Object/Work Type
National Pavilions

Title Text
Pavilion of Hungary

Alternate Title Text
Padiglioni dell'Ungheria

Creator Description
Emil Tőry, Móric (Maurice) Pogány, and Dénes Györgyi. Built by Impresa Fornaroli & Borrini.

Creator Identity and Role
Tőry, Emil as Architects and Engineers;
Impresa Fornaroli & Borrini as Builders;
Ligeti, Miklós;
Maróti, Géza;
Körösfői-Kriesch, Aladár;
Pogány, Móric as Architects and Engineers;
Zsolnay, Miklos as Individual Pavilion's Committee;
Györgyi, Dénes as Architects and Engineers

Creation Date

Demolition Date

Styles/Periods Description
National Romanticism

Styles/Periods Indexing Terms
Find a term

Dimension Description
6000 square meters

Materials/Techniques Description
Wood construction showing yellow depiction all around the external walls of the building. Six green bronze warriors with gold helmets patrol the entrance. The dome is built with lead colored in green bronze. A base relief shines with violet reflections due to the tiles compounding it. (E. F. “Ne' regni del sogno. Il Padiglione dell'Ungheria”, L’Esposizione di Torino: giornale ufficiale illustrato dell'Esposizione Internazionale delle industrie e del lavoro 1911, Torino: Stabilimento Tipografico Guido Momo, no. 22 (20 May 1911): 350-4. ) The external walls are yellowish (15. E. F. “Quella che fu”, L’Esposizione di Torino: giornale ufficiale illustrato dell'Esposizione Internazionale delle industrie e del lavoro 1911, Torino: Stabilimento Tipografico Guido Momo, no. 35 (1911?): 557-8.) White obelisques and tiles. (Torino Esposizione 1911: Monografia Illustrata edita della Direzione Generale del Touring Club Italiano col concorso della Commissione Esecutiva dell’Esposizione di Torino, 1911, Milano: Touring Club Italiano, 1911, 23.). The dome of the main entrance is in copper, the base relief is in green stoneware (grès). The central hall is covered with colored windows composed of 60 pieces; in the same room, arches have turquoise decorations. Black tiles fountains in the inner courtyards have golden arabesques. (see Guida ufficiale dell'Esposizione internazionale - Torino 1911, Torino: Stabilimento Tipografico Guido Momo, 1911, 69, 72-84.) Dark grey are the walls of the central hall. The side door is bright yellow with bars in wrought iron. (“In giro per le mostre torinesi”, Le esposizioni di Roma e di Torino nel 1911 descritte ed illustrate, Milano: Società editrice Sonzogno, no. 10 (March 1911): 78-9. )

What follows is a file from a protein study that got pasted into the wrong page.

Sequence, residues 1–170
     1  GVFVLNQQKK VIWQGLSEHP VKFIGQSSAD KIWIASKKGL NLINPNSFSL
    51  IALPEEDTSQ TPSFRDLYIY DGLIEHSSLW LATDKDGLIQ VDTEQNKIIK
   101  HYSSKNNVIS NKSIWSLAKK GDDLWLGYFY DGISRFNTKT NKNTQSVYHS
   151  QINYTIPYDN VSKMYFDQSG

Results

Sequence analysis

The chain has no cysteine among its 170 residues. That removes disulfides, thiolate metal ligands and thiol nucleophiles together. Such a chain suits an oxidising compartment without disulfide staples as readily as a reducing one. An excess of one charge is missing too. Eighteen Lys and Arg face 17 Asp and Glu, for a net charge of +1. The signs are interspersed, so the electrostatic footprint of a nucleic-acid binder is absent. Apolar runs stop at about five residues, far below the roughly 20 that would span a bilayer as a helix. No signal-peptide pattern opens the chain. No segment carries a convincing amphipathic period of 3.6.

Materials/Techniques Name
Stoneware (Pottery), Lead (Metal), Copper (Metal), Frame Construction (Wood Frame Construction), Tile (Material)

Material Color
Yellow (Color), Turquoise (Color), Colors (Hues or Tints), Violet (Color), Green (Color)

Descriptive Note Text
Hungary is so modern in aesthetic expression and so jealous of its national traditions. The pavilion is the most striking in the International exhibition: austere in its exterior, beautiful and bizarre inside, this building of noble proportions and harmonious coloring ... is reminiscent of India and Persia ... and inspired by antique Hungarian motifs. (Melani, 289)Named “King’s Attila Tent-Palace,” the Hungarian Pavilion was unanimously considered the “Pearl of the Exposition” and praised for its ability to evoke a sense of motion in a perfectly geometric structure. The designers’ aim was to give visual expression to the power of the Hungarian military tradition, underscore its relevance to the present, and celebrate the strong and determinate nature of the Hungarian nation and its people. Made of wood, the Pavilion of Hungary combined the Romantic vision of the Tent-Palace of ancient king Attila with the Modernist inspiration of its stern cubic blocks. Harmoniously fused in the pavilion, Romantic echoes and Modernist traits are the defining elements of Hungarian functionalism. The building is a mirror of the lively social and cultural situation of the Hungarian nation, and particularly Budapest, during the first decade of the twentieth century.The Pavilion of Hungary was located on the left bank of the river Po, next to the Main entrance on Corso Vittorio Emanuele II and the Orto Botanico (botanical gardens). It was designed by Hungarian architects Emil Tőry, Móric (Maurice) Pogány, and Dénes Györgyi. An eclectic building, combining Art Nouveau elements with the features of National Romanticism, it covered 6000 square meters, and was considered "the pearl of the exposition."Le Eposizioni di Roma e di Torino nel 1911 descritte ed illustrate (volume 4, January 1911, 31) described the building under construction as "una costruzione eminentemente caratteristica, con decorazioni cromatiche in maiolica" (a remarkably characteristic building with colorful maiolica decorations").The Mostra Forestale Ungherese was located next to the Pavilion.

Code in the 1911 Map

Related Protagonists

General Subject Terms